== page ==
Picture this: You’re cruising down the trail on your quad. You’re blasting the latest Swift jams and loving the freedom of the outdoors. Then, kablammo! Your ATV stops and your chain is laying on the ground. You really should’ve learned how to tighten the chain on your ATV before you blew it. At least you’ve still got Taylor.

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That hasn’t happened to you yet (we hope), and we’re here to make sure it doesn’t. We’ll also give you a few extra pointers to make sure your ATV’s chain is off the chain and running smooth.

What to Consider Before Tightening the ATV’s Chain

First of all, are you even sure you need to tighten your ATV chain? Overtightening your chain can cause just as many problems as undertightening.

Symptoms of a Loose Chain

Let’s look at the symptoms of a loose chain:

Jerky feeling when you accelerate due to slackPower loss and clicking noise from the chain skipping over sprocket teethYour chain falls off mid-ride

If you notice any of these things happening while you ride, you need to tighten your chain ASAP. In fact, you shouldn’t let your chain get this bad in the first place.

Instead, you should compare the slack in your chain to your manuals guidelines before it gets bad. Once you start noticing these issues, you’ve already subjected your drivetrain and sprockets to excessive wear and tear.


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This rusted-over chain needs replaced. The clip-style master link is clearly visible in the center and replacing this chain is as easy as popping the link off, matching the link count to the new chain, and putting the new chain on. This easy job is more than worth the trouble.

Here’s how to remove a chain with a clip-style master link:

Find the master link on your chain—it’s the link with the clipUse a flathead screwdriver to remove the clipRemove the face and O-rings (if you have them) followed by the back plate and pinsCount the links in your current chain and add or remove links to your new chain to make them the same (don’t measure to compare—your old chain will be stretched somewhat)Fit the new chain over the sprockets and connect the master linkFollow the steps above to tighten your chain to the appropriate slack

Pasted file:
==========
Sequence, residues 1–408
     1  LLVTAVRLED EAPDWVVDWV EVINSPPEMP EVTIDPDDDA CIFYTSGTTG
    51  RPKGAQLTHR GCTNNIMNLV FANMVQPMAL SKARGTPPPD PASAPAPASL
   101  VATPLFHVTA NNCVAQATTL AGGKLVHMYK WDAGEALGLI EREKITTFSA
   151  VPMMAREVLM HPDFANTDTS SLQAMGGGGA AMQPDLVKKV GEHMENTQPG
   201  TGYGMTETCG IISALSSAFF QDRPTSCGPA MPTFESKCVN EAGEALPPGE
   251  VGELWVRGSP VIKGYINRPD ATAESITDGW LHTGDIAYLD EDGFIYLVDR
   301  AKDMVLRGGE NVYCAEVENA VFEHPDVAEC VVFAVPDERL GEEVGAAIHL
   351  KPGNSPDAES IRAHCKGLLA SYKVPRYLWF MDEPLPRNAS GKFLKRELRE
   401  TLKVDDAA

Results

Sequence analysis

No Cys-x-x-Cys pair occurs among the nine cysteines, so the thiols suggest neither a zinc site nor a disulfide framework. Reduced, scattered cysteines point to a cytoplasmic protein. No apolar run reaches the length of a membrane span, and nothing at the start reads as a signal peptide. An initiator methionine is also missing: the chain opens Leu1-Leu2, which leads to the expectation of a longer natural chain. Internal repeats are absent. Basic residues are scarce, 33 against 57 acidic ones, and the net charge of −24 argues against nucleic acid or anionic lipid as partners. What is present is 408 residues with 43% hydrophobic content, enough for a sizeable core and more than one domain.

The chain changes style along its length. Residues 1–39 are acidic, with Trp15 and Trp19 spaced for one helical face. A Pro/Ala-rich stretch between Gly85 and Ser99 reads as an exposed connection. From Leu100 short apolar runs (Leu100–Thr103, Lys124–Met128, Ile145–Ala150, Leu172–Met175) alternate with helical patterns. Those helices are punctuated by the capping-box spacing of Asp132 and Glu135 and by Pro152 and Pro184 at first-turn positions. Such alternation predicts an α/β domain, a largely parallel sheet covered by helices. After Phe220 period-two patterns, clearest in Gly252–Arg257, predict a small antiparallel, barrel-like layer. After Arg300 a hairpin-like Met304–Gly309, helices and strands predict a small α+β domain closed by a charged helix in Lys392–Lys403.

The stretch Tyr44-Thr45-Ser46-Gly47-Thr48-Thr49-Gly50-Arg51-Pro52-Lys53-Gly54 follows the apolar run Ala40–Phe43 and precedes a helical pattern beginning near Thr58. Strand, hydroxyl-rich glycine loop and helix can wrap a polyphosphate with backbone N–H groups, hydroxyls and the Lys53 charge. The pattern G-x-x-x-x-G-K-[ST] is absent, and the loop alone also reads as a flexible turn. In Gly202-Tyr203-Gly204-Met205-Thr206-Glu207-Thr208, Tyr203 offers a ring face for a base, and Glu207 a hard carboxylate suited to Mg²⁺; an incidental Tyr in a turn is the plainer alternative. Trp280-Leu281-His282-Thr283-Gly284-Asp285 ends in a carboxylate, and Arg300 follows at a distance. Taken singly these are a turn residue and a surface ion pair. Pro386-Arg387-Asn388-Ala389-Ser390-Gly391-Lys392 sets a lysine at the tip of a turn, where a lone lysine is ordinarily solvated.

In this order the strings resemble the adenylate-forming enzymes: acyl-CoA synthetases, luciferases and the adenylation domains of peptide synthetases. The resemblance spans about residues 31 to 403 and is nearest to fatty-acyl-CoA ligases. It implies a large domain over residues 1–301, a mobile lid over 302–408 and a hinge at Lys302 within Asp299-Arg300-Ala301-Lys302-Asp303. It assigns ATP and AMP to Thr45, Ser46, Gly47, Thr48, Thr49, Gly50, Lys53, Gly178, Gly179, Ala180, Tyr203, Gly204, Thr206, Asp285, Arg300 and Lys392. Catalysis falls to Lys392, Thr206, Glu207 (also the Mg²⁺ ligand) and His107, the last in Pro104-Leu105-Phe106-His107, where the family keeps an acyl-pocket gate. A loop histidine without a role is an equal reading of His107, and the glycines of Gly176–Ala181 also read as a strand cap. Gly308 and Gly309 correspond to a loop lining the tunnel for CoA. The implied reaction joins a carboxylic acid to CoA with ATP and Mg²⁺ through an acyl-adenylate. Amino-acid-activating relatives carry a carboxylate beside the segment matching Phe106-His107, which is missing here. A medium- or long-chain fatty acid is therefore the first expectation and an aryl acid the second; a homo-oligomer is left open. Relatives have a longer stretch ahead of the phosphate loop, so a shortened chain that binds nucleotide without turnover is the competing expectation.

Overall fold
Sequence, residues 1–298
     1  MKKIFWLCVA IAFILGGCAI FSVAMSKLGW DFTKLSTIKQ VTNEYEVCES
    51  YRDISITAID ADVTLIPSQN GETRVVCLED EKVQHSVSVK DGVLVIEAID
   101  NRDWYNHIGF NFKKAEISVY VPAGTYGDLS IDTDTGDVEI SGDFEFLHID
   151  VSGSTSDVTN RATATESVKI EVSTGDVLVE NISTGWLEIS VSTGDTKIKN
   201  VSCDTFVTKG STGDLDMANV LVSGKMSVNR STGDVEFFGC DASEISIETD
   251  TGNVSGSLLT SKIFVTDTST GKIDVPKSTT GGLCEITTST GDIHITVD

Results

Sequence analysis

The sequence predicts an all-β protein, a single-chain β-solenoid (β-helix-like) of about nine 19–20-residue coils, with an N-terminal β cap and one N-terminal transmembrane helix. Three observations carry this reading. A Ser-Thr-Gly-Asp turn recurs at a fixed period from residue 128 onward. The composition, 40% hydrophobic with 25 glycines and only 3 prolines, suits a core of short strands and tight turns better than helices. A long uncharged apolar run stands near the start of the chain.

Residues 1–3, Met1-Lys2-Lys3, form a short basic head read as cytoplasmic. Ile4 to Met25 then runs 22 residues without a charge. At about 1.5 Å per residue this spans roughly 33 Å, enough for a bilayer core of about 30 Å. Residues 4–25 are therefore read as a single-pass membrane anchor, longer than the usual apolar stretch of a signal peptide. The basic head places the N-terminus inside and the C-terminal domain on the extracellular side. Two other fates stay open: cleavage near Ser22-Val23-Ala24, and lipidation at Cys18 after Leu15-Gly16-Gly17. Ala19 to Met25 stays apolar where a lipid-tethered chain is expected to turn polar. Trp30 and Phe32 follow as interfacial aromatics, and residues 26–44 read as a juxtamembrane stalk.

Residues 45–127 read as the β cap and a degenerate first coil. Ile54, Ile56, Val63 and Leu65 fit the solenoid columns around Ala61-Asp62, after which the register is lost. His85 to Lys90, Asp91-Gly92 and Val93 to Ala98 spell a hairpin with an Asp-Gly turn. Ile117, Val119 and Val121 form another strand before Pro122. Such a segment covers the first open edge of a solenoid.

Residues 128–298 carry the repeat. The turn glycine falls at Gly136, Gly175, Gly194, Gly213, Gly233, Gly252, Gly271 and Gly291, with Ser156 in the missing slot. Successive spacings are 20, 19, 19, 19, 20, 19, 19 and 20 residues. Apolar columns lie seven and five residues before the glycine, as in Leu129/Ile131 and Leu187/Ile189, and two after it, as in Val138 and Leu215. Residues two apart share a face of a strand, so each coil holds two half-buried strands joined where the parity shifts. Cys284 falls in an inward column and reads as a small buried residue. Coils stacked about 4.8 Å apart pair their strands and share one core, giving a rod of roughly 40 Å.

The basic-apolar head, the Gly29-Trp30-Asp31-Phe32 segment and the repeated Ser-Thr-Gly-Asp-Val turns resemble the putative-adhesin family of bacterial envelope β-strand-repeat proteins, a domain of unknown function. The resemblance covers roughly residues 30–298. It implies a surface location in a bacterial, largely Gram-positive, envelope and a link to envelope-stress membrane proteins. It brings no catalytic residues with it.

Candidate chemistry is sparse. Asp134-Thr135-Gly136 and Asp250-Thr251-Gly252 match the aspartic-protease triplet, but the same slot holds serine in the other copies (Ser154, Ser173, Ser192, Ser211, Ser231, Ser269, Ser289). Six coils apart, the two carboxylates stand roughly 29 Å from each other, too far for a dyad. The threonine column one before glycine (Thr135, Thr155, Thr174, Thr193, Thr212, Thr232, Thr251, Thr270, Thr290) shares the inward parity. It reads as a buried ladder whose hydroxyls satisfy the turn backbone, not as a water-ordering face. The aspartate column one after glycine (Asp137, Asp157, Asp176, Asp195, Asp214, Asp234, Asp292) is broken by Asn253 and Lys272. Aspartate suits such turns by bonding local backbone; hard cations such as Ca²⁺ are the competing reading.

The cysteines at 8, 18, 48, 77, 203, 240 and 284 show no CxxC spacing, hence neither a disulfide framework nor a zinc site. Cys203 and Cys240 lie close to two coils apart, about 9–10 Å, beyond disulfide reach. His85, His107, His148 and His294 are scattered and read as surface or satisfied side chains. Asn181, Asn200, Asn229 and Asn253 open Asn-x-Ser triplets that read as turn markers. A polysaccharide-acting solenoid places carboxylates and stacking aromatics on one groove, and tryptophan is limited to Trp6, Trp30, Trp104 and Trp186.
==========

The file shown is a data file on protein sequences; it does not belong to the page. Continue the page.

And that’s all it takes. There’s no reason to put it off, so get it done today.

Changing your chain won’t necessarily solve all your problems. One of the persistent issues some people have with ATV chains is that the dang things keep falling off. Don’t worry—if you can identify the cause, you’ll be able to solve this problem, too.

Why an ATV Chain Might Keep Falling Off

There are three reasons your ATV chain might be falling off:

1. It’s Too Loose

You’ve let it go too long without tightening it up again. Tighten it up right away to avoid other damage.

2. It’s Stretched Out

An old stretched out chain might get booted off the sprocket if it doesn’t fit quite right. No amount of tightening will fix this and it’s likely to brake soon. Replace it.

3. It’s Unprotected

Do you have a skid plate or chain guard? If not, sticks, rocks, and bumps can knock your chain off at any time! Not to mention, they can permanently damage your sprockets and other drivetrain components. Do not ride again without adding a skid plate or chain guard.

Don’t Forget About the Rest of Your ATV

If you need more information about the bits and bobs that make your ATV purr, check out some of our other articles. Keeping your ball joints in working order is key to making your suspension run smooth. Another central part of any ATV’s reliability is the winch. If you don’t have one, you should get one and then check out these 5 ways to use an ATV winch—they’re not just for getting unstuck.

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Feel better about this whole chain thing? You should. Maintaining your ATV chain is easier than changing your oil and should be checked just as regularly. Just remember: happy chain, happy life! Yeah, we know it doesn’t rhyme.